D&D Dad: Your first time playing (as a Dungeon Master)

So you’ve bravely volunteered to be the Dungeon Master for your group of players. Congratulations! Let’s get you ready for running your first-ever game of Dungeons & Dragons.

SPOILER ALERT: You’re going to have fun. You’ll be exhausted at the end of the gaming session, but you’ll have a blast.

In this article, I’ll talk about some “best practices” for preparing for your game, what to do right before the game starts, how to run the game, and what to do after the game is over. The D&D Dad has you covered, first-time DMs.

And just remember, you’ll only be a brand-new DM once. After that, you’re a veteran.

The old school Dungeon Master

Preparing for the Game

Before you even invite friends or family over to play, you need to figure out what adventure will be your first adventure. In my research, it was almost unanimous to use the adventure in the D&D Starter Set: “The Lost Mine of Phandelver.” You might want to try your own “home-brewed” adventure set in the world you created, but that might be asking too much of yourself (unless you know that world and the adventure inside and out).


But I’d go with the Starter Set, just to make that first game less stressful. For tips on “Lost Mine”, check out my review and read our Adventure Report. “Lost Mine” has a classic feel to it, and you jump right into the fun with some goblins to fight! And you might even get to meet Droop…

So once you decide on the adventure, read it all the way through. Make notes as you go, and think about how the encounters and role-player interactions might unfold. Feel free to tweak things to make it easier for you — these adventures were designed to be changed on the fly instead of followed word-for-word.

Your next prep step is to decide how to handle creating characters. This activity could easily take up half or all of your gaming session, so you might want to have everyone create characters before the game day. One suggestion is to just use the pre-generated characters in the Starter Set.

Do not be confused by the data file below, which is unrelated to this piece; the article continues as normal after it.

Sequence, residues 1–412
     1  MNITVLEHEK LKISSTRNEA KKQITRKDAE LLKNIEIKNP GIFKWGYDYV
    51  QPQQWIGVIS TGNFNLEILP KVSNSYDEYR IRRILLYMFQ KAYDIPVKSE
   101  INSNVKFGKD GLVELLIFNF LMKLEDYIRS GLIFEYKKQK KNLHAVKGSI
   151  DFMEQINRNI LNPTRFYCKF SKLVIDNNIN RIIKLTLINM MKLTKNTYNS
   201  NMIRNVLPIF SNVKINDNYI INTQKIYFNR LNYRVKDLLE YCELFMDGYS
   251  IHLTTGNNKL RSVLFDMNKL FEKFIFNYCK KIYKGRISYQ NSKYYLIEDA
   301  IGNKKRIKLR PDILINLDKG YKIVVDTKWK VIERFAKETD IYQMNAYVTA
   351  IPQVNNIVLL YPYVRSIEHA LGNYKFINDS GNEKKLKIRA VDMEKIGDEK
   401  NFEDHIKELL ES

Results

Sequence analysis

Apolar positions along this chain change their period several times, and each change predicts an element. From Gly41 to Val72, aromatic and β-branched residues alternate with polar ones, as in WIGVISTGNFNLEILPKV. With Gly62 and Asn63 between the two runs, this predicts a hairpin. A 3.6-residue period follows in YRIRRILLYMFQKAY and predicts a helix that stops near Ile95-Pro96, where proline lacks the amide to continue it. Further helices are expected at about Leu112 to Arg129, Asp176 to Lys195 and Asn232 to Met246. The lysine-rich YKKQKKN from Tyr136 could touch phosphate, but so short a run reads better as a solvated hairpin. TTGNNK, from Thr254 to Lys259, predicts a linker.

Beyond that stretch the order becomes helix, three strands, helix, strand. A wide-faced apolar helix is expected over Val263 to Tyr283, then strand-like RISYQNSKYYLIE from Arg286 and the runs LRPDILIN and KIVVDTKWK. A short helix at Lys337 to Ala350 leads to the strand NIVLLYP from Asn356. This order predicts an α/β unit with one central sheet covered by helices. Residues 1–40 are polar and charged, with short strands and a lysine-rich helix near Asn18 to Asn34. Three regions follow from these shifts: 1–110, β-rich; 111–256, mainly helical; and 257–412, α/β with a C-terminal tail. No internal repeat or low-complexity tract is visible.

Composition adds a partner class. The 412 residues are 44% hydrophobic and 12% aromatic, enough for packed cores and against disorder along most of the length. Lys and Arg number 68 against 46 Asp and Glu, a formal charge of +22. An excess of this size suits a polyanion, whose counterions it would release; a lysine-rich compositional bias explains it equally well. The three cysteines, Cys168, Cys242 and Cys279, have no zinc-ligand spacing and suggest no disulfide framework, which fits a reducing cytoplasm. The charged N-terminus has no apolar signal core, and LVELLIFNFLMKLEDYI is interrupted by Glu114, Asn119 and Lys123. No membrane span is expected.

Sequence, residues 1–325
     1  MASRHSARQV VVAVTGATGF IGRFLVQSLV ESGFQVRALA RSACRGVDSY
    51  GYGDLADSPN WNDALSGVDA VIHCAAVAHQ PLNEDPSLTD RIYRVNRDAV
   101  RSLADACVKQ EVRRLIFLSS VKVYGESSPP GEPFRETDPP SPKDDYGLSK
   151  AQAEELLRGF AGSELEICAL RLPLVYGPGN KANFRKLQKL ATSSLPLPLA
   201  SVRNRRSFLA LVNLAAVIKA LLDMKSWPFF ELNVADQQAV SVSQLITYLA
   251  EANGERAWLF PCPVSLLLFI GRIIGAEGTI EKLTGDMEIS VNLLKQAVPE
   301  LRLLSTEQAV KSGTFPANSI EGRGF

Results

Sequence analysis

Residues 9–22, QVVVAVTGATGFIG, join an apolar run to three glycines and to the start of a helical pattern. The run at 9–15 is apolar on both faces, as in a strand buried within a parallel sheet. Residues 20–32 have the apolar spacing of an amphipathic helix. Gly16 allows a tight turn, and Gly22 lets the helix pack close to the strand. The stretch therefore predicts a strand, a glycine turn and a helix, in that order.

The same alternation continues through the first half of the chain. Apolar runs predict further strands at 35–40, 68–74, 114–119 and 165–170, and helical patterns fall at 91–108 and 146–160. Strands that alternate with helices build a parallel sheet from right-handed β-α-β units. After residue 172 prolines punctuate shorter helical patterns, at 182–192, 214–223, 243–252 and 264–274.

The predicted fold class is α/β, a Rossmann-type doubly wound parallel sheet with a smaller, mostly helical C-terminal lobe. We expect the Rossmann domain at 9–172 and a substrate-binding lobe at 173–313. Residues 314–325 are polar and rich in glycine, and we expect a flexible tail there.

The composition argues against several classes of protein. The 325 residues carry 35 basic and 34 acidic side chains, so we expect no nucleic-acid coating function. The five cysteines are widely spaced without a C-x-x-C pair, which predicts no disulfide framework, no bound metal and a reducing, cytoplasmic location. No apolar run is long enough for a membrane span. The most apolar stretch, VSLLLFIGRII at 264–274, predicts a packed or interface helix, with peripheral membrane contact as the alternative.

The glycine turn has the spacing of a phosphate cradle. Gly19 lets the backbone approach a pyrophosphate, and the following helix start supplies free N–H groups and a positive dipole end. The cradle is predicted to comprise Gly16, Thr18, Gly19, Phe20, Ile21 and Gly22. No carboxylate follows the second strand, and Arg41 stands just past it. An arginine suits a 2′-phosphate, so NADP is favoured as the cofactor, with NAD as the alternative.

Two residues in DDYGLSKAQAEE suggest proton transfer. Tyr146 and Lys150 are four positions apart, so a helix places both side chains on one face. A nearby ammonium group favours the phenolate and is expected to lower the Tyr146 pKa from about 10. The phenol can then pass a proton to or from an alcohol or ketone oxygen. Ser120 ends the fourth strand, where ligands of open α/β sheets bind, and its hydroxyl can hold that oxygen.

We did NOT do that, but we did spend about 2 weeks reviewing the Players Handbook and talking about characters and making our own. If you have the time before game day, I suggest doing that. There’s something about rolling your own characters that makes them more meaningful and real.

And your last step of preparation before game day? Don’t overprep! Remind yourself that everyone who’s playing is going to be brand-new to the game as well, so they aren’t going to judge you and hate you forever. Be ready to improvise and act silly and make some incredible memories for your players in a completely new world.

Right Before the Game

Nervous? That’s fine. I actually think it’s good to get a little nervous before the game starts — it gives you adrenaline and energy to really start strong. If you hit the ground running with a strong start to your game, the rest of the pieces seem to fall into place.

Take about 15-30 minutes before the game to set up the table where you’ll be playing, and then sit down and review your adventure’s high points. Look at each room in the dungeon and think about the important items or creatures in that room, and envision how you might run that room. And then go back to the beginning and think of the best way to hook your players right away. Use the adrenaline from your nerves to get psyched for the game!

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Also, I usually make a copy of the map of the dungeon or the area (or both) to keep behind my DM’s screen. I also prep everything else I might need for my DM’s area. (I talk all about the DM’s screen and DM’s kit in this blog entry.)

Finally, grab some snacks for the table (encourage players to bring the DM snacks, too!), and a big bottle of water for you. You’re going to be doing a lot of talking, so you’ll need it.

Take a deep breath, and call everyone to the table. It’s time to go on an adventure!

Running the Game

If this is your first time as DM, it’s most likely all the characters will be first level and brand new as well. For starters, I like to welcome everyone to the table, and before anyone draws a sword, I have the Player Characters get warmed up by telling us about their characters. The easiest setting to start in, even if it is a cliche, is a tavern or a bar.